Most college admissions essay sound alike. This makes sense. There’s a limited range of possibilities—most of the applicants are about the same age, come from the same national cultural background, and are high school seniors. There’s only so much variety you can have. So don’t worry about writing something that’s going to be completely different—worry about making yours stand out in small ways. In a 650-word essay, a single sentence can make a huge difference. So pay attention to each sentence.

Consider the past, present, and future. Whatever personal quality you’re talking about, make sure to include—even in small ways—how you developed this trait in the past, how you’re displaying that trait now at the end of high school, and how you think that trait will be useful in college.

Some things NOT to do:

·      Rehashing what’s already in your transcript. If you only say things in your essay that the admissions committee can already see on your transcript or test scores, you’re missing a big opportunity.

·      The Mission Trip essay. Maybe you went on a mission trip or some other service project, and you learned a lot about people in different circumstances than yourself. Maybe you felt that they affected you more than you affected them. That’s wonderful, but please understand that the admissions counselors have seen this essay a gazillion times and it’s going to be extremely hard to make yours stand out. If you write this essay, make sure you work hard on highlighting your own personal traits and not just the epiphany you had. I’ve also seen many weird essays where the student basically argues that the way of life of those being helped is superior to the writer’s way of life. These essays have sentences along the lines of “they may be poor, but they take care of each other and have true happiness.” This is a great idea if you’re applying to go and live among the people you helped in your service project, but not so much if you’re applying to a expensive college.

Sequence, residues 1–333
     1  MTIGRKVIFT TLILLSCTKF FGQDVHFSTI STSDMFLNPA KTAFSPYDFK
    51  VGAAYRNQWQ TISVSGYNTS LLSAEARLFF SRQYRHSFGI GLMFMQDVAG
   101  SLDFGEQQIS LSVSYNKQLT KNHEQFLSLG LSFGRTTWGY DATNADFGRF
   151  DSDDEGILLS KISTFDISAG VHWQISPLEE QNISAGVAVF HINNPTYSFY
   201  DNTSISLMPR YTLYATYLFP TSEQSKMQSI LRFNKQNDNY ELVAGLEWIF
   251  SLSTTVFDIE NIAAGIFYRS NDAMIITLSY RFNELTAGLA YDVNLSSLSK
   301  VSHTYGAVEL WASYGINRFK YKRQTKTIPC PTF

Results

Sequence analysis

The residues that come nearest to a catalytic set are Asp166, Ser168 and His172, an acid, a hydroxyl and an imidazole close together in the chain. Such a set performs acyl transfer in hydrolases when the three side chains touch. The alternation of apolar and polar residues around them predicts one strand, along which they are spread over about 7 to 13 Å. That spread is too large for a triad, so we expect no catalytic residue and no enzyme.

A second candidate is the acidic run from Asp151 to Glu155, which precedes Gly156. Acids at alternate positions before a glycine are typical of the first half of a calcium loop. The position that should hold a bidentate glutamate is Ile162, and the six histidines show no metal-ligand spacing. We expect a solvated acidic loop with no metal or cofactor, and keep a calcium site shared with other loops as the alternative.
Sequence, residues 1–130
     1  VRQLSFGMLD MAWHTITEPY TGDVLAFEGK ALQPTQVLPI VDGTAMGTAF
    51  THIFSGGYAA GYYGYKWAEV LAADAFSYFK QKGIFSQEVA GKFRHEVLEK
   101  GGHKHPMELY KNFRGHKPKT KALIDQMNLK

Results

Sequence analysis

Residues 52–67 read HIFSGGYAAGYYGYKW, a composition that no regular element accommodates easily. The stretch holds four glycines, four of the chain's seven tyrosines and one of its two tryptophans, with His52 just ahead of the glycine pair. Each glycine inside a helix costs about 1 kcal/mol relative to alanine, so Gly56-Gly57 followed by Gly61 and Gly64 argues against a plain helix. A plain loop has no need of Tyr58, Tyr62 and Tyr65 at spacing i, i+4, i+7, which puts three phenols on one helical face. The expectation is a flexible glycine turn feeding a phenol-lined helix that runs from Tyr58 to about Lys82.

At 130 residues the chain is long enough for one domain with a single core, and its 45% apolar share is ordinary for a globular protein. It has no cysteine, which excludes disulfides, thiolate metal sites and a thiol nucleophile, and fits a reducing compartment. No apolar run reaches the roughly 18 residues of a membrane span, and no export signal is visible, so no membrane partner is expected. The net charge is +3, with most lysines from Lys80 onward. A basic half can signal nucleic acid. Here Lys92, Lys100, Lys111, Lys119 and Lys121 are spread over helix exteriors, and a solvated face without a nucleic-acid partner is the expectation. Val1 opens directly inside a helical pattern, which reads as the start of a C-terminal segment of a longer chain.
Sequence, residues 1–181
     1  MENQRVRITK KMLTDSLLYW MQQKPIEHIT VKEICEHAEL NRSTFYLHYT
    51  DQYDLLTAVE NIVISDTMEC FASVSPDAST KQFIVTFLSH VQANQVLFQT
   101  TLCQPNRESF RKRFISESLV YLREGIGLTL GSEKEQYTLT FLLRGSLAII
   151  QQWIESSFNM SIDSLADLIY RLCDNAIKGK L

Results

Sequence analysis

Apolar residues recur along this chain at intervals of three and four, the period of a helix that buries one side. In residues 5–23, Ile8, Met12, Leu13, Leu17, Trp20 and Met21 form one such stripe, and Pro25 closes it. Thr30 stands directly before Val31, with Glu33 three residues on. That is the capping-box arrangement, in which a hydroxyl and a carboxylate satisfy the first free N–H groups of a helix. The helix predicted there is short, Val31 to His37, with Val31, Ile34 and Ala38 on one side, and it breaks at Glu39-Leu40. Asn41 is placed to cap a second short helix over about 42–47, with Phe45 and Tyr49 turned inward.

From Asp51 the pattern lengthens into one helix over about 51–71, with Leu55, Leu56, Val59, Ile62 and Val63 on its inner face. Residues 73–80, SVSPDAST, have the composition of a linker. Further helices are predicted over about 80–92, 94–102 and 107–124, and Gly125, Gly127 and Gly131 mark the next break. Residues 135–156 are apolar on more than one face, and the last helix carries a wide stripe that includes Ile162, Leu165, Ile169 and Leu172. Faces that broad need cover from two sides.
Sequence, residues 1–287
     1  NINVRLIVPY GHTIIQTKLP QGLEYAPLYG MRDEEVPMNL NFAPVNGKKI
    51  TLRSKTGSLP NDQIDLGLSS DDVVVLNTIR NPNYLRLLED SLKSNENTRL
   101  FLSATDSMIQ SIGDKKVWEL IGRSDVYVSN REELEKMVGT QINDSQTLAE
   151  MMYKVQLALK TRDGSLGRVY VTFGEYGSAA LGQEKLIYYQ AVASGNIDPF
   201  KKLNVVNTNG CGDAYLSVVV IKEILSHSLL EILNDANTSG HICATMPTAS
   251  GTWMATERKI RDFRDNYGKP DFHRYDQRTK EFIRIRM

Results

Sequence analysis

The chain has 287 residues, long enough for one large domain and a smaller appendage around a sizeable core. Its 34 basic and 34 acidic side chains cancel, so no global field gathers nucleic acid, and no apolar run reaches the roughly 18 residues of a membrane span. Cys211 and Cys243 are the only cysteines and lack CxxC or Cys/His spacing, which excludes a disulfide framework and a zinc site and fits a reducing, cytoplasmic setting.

·      Unbalanced before & after. Many essays use a “before and after” structure as a way to talk about personal growth or overcoming setbacks. I used to be unmotivated, but now I’m motivated. I used to be a bad student, but now I’m a good student. I used to be selfish, but now I’m involved in helping others. Things like that. If you write this kind of essay, make sure you spend most of your time and words on the positive, not the negative. I’ve seen too many essays that spend about 90% of their words on describing the negative in great detail, and then give a vague “but I got better.” Spend no more than 20% on the negative Before, and most of the essay on the positive After.

·      On any type of essay that is going to multiple schools (like the Common Application), you should not name any individual school or place. If you send an essay to individual schools that includes a school name, make sure you have the right name. Many students send the same writing to multiple schools and simply replace one school name for another. If you do this, make sure you replace them ALL.